Everything seems in deadlock, a perpetuate hell where nothing can happen
This is a film from the 70s, and from Eastern Europe and in a then very much en-vogue introspective realist style that I often have problems with. It seems that after the glorious 60s, the Svoiet block was all about quite despair, personal tragedies, and the intellectual's angst in the face of a failure to secure more freedom in those countries. The GDR was no different, and Addio, piccola mia belongs for me in that crowd of melancholy and somewhat depressing films, filmed on film-stock with desaturated colors, reminiscent of something like Ilya Averbakh's Monologue (1973), or all of Tarkovsky's 70s work. A bit experimental and a BIG part 'naturalist" this is a cinema of contemplation while trying to retain some of the playfulness and inventiveness that has come in the decade before. Hand-held camera is the style of choice, and actors muttering their lines, looking away from the camera, a highly stylized direct cinema touch, and professional actors being mixed with amateurs or purposefully being used like ones.
Addio piccola mia is certainly an interesting film, my first by Lothar Warneke, a story about the last three years of German icon Georg Büchner, a poet who died of typhus at the age of 23, and who is here used somewhat to reflect upon the times in the GDR in the late 70s. He is a revolutionary who wants to change society through an uprise of the masses, the poor peasants who are his only hope for a true revolution. Yet after the defeat of Napoleon in the early 19th century, Europe is in a situation of reconstruction and forced stability, with a lot of similarities to the cold war period. Everything seems in deadlock, a perpetuate hell where nothing can happen. At the end there is no prospect of freedom, none of hope, only death. A bleak way of looking at history, considering the fact that the GDR saw itself as a society that had brought about the long-sought freedom that had been denied to the people throughout the previous centuries, and all films in the GDR were funded and produced by the state and had to get its approval. It would be interesting to know, how the film was received in its day, especially in the GDR. Not a bad film, but this is only for people who don't mind having a meandering one hour plot stretched to two hours with a lot of self-doubt and anguish going on. Very much a film of its time.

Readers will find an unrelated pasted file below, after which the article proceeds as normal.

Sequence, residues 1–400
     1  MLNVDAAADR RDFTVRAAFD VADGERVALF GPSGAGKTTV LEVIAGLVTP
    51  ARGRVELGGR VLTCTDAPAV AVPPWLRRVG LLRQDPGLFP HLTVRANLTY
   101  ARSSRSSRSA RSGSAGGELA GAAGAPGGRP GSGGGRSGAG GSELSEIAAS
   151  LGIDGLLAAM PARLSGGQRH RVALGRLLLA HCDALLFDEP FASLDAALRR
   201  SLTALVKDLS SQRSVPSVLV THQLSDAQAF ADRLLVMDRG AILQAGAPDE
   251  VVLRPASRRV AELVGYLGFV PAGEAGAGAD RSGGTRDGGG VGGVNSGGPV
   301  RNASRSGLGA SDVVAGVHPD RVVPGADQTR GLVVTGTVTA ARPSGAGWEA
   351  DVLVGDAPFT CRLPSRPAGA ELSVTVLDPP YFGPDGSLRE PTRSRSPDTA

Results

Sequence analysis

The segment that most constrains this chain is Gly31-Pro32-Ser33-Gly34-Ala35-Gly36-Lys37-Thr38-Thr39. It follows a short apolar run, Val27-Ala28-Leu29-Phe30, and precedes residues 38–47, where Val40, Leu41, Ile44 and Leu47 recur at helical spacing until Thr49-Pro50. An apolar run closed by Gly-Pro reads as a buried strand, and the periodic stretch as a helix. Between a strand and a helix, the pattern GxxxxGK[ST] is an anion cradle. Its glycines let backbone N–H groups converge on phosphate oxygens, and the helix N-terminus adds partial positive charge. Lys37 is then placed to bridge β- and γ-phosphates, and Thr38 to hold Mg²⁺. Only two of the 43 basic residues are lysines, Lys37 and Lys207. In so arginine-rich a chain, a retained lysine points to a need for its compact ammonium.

Ah yes, saw it at the cinema, but bad projection (or whatever the cause) led to it being shown in the wrong aspect ratio, and the print was only in decent shape, so the 35mm experience was really nothing to write home about. Oh, and there are some stunning, floating, hand-held and vibrating, Malick-like close-up shots (using only natural light, of course) of the faces of two lovers that will make the heart of most cineastes beat faster.
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